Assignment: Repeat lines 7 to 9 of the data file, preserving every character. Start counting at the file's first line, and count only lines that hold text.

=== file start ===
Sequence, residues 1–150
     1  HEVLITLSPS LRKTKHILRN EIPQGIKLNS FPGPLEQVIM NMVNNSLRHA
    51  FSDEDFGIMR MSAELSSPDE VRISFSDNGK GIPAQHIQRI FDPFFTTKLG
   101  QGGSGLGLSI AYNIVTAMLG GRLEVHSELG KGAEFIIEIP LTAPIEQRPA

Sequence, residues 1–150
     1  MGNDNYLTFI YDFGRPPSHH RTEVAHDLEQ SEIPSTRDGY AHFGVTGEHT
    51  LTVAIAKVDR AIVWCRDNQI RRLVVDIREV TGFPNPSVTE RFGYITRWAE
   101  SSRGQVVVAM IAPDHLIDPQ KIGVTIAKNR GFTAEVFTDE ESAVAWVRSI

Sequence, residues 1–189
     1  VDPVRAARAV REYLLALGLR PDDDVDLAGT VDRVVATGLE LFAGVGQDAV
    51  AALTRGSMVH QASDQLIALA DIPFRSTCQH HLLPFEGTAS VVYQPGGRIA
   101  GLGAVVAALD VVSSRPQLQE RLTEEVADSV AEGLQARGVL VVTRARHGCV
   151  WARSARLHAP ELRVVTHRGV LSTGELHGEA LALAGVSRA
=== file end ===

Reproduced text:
    51  LTVAIAKVDR AIVWCRDNQI RRLVVDIREV TGFPNPSVTE RFGYITRWAE
   101  SSRGQVVVAM IAPDHLIDPQ KIGVTIAKNR GFTAEVFTDE ESAVAWVRSI

Sequence, residues 1–189